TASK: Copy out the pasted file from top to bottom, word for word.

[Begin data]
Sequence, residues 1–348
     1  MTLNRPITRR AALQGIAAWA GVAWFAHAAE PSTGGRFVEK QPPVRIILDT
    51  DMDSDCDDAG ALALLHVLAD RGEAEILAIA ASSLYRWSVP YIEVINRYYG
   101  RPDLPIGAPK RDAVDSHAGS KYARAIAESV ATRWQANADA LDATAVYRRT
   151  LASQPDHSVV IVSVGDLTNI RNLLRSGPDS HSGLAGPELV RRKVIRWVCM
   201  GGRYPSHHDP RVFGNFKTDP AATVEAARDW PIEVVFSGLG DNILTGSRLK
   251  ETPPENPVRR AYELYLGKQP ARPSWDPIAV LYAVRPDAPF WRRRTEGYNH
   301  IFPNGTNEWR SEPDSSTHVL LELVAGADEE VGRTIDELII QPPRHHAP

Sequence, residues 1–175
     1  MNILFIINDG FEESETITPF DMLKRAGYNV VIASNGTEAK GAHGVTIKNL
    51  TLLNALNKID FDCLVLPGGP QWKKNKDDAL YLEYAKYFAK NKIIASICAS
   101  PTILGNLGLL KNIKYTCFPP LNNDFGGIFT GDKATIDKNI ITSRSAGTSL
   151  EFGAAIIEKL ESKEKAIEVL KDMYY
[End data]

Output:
Sequence, residues 1–348
     1  MTLNRPITRR AALQGIAAWA GVAWFAHAAE PSTGGRFVEK QPPVRIILDT
    51  DMDSDCDDAG ALALLHVLAD RGEAEILAIA ASSLYRWSVP YIEVINRYYG
   101  RPDLPIGAPK RDAVDSHAGS KYARAIAESV ATRWQANADA LDATAVYRRT
   151  LASQPDHSVV IVSVGDLTNI RNLLRSGPDS HSGLAGPELV RRKVIRWVCM
   201  GGRYPSHHDP RVFGNFKTDP AATVEAARDW PIEVVFSGLG DNILTGSRLK
   251  ETPPENPVRR AYELYLGKQP ARPSWDPIAV LYAVRPDAPF WRRRTEGYNH
   301  IFPNGTNEWR SEPDSSTHVL LELVAGADEE VGRTIDELII QPPRHHAP

Sequence, residues 1–175
     1  MNILFIINDG FEESETITPF DMLKRAGYNV VIASNGTEAK GAHGVTIKNL
    51  TLLNALNKID FDCLVLPGGP QWKKNKDDAL YLEYAKYFAK NKIIASICAS
   101  PTILGNLGLL KNIKYTCFPP LNNDFGGIFT GDKATIDKNI ITSRSAGTSL
   151  EFGAAIIEKL ESKEKAIEVL KDMYY